New: U.S. intelligence has been helping Ukraine target and kill nearly a dozen Russian generals, senior American officials told the New York Times on Wednesday. But that intelligence doesn’t include top officers like Gen. Valerie Gerasimov, who Pentagon officials say visited Russia’s front lines in Ukraine’s east just last week. 

Belarus’s autocratic leader says he didn’t expect the war to “drag on” as long as it has, according to an interview with AP on Thursday. “I am not immersed in this problem enough to say whether it goes according to plan, like the Russians say, or like I feel it,” said President Alexander Lukashenko, who added, “I want to stress one more time: I feel like this operation has dragged on.”

And a series of unexplained explosions inside Russia raises the specter of a wider war in the coming weeks, the Wall Street Journal reported Thursday. That includes sabotaged rail lines, fires at ammunition depots, and apparent helicopter strikes on oil facilities just across the border from Ukraine. While officials in Kyiv deny any role in the incidents, some point to alleged divine intervention. 

On the global energy front, OPEC members decided to gradually increase the flow of oil it puts into world markets as Russia’s invasion continues to weigh down economic forecasts. According to the Associated Press, “The plan is to make those regular increases to restore cuts made in 2020 during the worst of the pandemic recession.” 

In case you were wondering, OPEC is sticking to its promise not to pump enough extra oil to make up for what’s lost by cutting oil sales with Russia. After all, AP writes, “Some OPEC members already can’t meet their oil production quotas.” More here.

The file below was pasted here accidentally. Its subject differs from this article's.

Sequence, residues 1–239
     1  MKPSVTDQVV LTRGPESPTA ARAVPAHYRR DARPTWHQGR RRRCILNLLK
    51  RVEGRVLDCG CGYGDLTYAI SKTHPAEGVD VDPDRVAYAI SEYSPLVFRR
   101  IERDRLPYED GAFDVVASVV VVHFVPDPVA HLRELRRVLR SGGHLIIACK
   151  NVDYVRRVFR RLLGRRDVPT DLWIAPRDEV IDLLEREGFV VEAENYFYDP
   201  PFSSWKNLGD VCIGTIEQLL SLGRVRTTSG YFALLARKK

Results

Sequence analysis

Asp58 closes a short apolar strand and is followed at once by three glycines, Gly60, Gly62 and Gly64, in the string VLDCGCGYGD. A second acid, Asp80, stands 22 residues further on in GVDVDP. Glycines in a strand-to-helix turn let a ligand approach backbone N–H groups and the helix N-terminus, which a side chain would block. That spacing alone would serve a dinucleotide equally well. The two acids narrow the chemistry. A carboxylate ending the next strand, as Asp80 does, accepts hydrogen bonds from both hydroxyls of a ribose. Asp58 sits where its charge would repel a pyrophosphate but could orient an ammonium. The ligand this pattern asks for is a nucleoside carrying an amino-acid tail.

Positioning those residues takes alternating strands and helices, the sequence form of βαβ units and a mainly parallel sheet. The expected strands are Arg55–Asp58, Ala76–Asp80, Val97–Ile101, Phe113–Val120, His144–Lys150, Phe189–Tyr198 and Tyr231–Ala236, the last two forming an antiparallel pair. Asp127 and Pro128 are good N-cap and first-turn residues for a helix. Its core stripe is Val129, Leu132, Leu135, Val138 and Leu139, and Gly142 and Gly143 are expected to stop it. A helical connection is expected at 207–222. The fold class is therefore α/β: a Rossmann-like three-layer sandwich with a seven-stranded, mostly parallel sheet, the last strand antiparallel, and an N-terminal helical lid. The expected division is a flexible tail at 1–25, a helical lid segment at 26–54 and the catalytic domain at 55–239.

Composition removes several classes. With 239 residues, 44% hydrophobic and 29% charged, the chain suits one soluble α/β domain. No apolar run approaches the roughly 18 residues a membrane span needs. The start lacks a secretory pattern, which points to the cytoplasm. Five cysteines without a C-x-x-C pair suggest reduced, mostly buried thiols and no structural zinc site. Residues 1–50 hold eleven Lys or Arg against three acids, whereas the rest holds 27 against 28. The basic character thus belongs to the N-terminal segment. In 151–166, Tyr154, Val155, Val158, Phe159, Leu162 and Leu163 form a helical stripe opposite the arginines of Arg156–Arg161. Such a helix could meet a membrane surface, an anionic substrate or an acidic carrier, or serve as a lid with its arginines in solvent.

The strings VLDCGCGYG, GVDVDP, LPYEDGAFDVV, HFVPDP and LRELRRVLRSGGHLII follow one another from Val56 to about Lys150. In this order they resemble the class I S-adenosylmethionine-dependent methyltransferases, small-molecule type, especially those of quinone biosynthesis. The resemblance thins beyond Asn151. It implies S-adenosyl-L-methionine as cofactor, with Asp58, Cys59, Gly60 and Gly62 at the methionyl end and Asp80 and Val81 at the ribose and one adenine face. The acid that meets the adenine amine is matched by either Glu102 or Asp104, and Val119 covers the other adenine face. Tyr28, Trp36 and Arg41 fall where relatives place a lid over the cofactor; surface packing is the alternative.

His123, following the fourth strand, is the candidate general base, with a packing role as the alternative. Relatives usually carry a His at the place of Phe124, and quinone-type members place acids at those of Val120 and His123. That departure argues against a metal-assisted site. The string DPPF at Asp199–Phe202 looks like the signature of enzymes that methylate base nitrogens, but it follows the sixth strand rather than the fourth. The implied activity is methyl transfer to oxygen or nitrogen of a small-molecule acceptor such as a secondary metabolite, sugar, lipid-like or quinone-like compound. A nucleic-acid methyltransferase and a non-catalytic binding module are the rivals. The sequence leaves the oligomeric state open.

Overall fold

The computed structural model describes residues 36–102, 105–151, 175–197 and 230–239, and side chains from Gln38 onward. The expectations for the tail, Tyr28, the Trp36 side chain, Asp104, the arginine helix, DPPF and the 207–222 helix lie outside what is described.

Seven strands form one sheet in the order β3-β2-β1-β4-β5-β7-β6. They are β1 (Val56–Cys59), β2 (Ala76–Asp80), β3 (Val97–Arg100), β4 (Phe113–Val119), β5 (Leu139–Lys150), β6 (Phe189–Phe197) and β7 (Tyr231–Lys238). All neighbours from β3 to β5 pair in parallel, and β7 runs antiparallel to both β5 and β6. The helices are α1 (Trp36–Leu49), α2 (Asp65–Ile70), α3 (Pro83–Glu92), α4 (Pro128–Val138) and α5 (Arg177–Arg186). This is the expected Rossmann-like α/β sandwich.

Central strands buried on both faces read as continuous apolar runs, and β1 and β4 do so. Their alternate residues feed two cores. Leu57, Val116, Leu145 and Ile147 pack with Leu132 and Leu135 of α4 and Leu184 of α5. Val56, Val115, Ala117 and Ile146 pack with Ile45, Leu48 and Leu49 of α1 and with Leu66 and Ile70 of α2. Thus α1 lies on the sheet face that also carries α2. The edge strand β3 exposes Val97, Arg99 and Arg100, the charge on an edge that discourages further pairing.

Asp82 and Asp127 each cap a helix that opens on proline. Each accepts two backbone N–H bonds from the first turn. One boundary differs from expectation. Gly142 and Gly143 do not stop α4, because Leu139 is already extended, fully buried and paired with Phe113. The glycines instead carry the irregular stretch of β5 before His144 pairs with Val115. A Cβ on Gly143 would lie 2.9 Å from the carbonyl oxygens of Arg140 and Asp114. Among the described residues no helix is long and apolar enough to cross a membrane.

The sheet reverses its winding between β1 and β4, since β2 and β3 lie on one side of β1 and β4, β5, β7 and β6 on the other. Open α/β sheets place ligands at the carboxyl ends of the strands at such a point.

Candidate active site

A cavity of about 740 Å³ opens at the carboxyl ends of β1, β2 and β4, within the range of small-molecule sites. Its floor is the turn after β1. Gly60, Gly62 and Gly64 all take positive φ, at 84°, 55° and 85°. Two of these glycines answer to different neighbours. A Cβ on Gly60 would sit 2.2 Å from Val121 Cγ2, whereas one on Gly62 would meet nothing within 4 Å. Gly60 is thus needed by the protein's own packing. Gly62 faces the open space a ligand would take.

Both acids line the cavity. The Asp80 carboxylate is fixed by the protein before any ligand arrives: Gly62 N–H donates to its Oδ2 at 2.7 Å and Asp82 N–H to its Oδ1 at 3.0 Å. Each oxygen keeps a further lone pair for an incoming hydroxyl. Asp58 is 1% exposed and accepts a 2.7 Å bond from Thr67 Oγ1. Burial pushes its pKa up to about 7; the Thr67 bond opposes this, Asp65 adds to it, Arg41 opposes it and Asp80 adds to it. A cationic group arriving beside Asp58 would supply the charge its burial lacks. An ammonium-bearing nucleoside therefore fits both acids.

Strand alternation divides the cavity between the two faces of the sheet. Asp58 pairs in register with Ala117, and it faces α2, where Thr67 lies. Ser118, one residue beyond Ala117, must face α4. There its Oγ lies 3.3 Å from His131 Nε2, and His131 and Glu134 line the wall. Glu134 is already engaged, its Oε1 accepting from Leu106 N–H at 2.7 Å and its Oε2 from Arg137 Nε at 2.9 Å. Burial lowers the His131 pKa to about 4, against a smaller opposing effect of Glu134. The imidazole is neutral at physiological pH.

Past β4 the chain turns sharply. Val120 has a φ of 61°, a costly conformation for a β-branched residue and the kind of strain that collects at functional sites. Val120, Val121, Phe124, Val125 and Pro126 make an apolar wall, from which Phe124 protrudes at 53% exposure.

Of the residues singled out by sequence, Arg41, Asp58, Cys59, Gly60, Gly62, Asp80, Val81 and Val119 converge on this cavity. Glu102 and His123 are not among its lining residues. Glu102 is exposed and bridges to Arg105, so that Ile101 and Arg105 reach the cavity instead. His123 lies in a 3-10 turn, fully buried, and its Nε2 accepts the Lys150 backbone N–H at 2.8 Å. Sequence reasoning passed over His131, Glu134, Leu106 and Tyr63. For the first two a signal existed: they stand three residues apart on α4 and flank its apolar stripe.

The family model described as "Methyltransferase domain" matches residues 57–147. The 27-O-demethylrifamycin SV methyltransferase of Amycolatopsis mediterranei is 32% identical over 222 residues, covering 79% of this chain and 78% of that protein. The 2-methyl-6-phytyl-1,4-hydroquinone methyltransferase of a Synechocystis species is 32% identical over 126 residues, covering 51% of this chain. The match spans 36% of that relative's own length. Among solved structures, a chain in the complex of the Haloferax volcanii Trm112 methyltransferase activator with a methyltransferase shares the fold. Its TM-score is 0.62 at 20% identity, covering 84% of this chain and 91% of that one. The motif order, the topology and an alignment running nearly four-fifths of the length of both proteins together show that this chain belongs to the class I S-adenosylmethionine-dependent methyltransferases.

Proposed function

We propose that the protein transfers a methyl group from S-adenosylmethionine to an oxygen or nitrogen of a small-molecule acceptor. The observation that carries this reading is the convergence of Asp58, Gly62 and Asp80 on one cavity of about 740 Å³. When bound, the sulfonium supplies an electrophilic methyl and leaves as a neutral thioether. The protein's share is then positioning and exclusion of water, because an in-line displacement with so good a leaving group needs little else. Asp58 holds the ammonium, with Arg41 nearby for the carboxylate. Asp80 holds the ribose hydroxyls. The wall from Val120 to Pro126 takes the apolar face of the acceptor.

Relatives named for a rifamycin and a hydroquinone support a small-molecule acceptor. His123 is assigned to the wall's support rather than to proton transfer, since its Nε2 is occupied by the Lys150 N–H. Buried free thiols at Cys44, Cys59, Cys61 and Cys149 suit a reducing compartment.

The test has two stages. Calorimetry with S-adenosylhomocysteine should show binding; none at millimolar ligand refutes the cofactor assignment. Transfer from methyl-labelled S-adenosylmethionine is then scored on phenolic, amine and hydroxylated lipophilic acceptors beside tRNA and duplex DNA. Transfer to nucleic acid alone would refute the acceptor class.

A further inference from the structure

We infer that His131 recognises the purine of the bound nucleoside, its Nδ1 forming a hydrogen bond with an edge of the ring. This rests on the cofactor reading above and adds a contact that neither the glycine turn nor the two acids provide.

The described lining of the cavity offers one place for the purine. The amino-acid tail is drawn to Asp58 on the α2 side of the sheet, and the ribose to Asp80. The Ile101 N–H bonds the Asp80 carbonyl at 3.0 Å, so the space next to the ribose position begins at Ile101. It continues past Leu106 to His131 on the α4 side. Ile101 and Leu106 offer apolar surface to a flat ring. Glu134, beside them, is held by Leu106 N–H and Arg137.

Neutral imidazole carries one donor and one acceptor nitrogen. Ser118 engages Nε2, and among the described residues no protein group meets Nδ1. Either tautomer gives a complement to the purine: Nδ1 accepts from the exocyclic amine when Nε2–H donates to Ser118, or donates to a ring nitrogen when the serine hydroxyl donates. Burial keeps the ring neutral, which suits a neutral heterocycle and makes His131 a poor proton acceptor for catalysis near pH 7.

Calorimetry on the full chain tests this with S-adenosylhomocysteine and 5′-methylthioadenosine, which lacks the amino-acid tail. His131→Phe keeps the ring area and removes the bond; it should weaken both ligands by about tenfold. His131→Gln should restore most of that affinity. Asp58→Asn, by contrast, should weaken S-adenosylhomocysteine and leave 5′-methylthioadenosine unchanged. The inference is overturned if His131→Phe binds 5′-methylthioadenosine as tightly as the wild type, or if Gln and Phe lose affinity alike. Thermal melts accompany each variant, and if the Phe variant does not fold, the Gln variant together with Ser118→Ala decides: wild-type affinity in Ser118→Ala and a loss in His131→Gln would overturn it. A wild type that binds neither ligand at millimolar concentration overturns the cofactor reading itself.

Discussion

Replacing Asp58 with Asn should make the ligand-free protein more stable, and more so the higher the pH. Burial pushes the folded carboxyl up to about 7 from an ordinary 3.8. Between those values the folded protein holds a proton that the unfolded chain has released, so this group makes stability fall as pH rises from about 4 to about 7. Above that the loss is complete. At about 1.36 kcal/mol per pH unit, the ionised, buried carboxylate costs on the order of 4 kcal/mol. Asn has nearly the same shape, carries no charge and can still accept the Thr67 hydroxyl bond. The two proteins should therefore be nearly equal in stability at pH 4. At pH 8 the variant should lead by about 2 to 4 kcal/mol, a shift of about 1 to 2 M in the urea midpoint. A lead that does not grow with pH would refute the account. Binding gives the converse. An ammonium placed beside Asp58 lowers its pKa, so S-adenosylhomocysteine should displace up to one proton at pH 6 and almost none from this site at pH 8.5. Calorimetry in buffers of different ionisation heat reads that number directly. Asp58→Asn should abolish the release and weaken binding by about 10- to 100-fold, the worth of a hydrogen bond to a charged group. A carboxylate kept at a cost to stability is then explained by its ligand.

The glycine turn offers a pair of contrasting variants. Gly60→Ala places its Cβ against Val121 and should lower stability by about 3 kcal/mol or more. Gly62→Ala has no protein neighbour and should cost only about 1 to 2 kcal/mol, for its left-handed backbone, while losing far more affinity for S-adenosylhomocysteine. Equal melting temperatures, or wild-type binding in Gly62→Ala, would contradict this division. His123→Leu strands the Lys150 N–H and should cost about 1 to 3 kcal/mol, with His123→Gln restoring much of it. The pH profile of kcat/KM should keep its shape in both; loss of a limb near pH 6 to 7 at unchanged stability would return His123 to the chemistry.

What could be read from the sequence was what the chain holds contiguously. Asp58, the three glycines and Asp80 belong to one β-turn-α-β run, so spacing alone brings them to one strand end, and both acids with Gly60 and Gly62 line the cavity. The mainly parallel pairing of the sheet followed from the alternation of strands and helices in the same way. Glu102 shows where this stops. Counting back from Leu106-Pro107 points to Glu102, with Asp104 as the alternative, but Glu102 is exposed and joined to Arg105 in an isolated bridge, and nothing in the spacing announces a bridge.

POTUS46’s National Security Advisor Jake Sullivan rang up his Romanian counterpart, Ion Oprișor, on Wednesday. Most of the call concerned Ukraine, including Romania’s role supporting nearly a million refugees, as well as the country’s effort to “diversify its energy supplies away from Russian sources while assisting neighbors like Moldova in doing the same,” according to a White House readout

Additional reading: 


From Defense One

Task Force Gator Back to Training Ukrainians as the Battle Rages On For the Donbas  // Tara Copp: A Florida National Guard unit that withdrew just before Moscow invaded is back to teaching as Russia reveals its weak spots.

White House Sounds Alarm on Threat from Quantum Computers // Patrick Tucker: New directive orders the government to work with industry on security that can stand up to tomorrow’s quantum-powered decryption tools.

How to Gauge the Risk of a Nuclear Escalation with Russia // Maj. Shane Praiswater: Escalation theories can help NATO policymakers avoid nuclear war—but it is ultimately up to Putin.